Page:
Scene from the Bayeux Tapestry, a famous primary source account of the Norman Invasion.

The Norman conquest of England (in modern Britain, often called the Norman Conquest or the Conquest, sometimes just the Invasion) was the invasion and occupation of England by an army of Norman, Breton, Flemish, and French soldiers led by the William, Duke of Normandy in 1066. William subsequently reigned as King William I of England.

Literary comment[edit | edit source]

The Norman Conquest is referenced in numerous Harry Turtledove works, but is germane to only a few of them.

Norman Invasion in Atlantis[edit | edit source]

Living in Hastings in the mid 15th century, Edward Radcliffe was aware of the history of the Norman Conquest. He often thought about how different things would be if William had been defeated by Harold, but did not express his musings, knowing that William's lineage was ensconced on the English throne in the person of Henry VI.

Norman Invasion in "The Pugnacious Peacemaker"[edit | edit source]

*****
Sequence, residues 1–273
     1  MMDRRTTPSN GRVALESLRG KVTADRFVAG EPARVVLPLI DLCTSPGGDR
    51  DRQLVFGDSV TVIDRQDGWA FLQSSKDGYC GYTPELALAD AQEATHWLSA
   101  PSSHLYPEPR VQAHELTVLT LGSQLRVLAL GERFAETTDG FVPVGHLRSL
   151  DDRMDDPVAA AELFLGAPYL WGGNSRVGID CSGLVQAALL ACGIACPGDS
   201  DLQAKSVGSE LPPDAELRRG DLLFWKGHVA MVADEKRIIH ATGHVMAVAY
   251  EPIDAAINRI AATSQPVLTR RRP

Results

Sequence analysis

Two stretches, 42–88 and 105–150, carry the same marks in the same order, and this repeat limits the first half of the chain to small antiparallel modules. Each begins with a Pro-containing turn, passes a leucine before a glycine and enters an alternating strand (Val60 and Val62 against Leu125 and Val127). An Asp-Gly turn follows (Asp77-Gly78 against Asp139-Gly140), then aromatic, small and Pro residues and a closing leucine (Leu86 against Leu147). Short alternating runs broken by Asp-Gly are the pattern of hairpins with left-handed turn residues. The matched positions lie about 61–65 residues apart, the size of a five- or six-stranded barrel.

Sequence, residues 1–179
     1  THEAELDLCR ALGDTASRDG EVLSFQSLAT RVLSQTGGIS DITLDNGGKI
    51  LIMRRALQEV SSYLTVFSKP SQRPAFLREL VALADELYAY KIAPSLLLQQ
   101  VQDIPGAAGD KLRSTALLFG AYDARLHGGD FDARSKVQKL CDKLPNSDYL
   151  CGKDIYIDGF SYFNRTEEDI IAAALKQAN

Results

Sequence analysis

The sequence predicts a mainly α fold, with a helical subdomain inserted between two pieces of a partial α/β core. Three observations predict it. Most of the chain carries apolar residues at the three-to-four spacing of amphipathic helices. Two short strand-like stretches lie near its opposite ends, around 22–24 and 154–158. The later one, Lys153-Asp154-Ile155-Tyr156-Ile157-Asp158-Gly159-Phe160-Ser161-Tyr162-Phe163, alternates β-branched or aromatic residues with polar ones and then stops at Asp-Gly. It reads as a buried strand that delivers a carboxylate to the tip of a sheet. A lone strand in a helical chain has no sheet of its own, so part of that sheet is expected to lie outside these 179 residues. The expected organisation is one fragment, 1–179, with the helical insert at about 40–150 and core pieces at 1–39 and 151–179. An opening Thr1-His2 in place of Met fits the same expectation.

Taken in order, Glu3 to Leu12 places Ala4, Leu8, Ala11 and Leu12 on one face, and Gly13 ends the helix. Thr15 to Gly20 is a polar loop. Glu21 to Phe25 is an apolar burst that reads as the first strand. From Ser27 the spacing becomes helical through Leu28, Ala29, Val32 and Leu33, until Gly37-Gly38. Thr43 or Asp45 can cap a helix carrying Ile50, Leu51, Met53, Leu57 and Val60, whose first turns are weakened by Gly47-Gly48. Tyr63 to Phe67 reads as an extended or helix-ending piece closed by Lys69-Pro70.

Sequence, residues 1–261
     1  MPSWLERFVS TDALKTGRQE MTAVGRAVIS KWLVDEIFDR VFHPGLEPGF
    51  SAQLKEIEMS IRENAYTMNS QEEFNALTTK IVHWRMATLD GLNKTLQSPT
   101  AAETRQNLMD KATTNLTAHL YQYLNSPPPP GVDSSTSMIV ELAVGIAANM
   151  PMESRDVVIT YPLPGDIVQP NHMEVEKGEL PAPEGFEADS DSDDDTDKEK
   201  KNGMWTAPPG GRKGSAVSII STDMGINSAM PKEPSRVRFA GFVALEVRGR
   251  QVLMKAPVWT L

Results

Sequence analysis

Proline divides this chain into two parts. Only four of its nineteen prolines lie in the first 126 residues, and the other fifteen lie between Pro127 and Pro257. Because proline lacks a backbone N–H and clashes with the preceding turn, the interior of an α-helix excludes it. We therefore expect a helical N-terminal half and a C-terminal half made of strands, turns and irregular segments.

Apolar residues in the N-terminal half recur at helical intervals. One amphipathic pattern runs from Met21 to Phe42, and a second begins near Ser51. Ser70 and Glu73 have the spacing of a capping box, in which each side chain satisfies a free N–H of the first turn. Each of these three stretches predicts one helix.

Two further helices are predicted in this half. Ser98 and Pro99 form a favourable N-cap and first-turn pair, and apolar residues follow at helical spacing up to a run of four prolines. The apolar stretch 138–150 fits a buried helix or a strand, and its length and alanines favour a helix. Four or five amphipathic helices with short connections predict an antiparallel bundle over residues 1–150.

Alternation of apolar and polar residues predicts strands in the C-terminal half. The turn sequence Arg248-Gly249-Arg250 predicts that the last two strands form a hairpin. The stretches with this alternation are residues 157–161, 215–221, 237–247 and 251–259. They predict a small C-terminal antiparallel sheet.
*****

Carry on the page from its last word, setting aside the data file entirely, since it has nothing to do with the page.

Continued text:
In the alternate timeline where Allister Park settled down, the Norman Invasion never happened. One result of this was that the English language remained a strictly Germanic one with no Latin influence.

Norman Invasion in "The Yorkshire Mammoth"[edit | edit source]

While a number of animal species, including the aurochs, the cave bear, and the dire wolf vanished from England, Wales and Scotland during the Roman occupation, several survived in Ireland until the Norman invasion.[1]

References[edit | edit source]

  1. Clarksworld #155.
Community content is available under CC-BY-SA unless otherwise noted.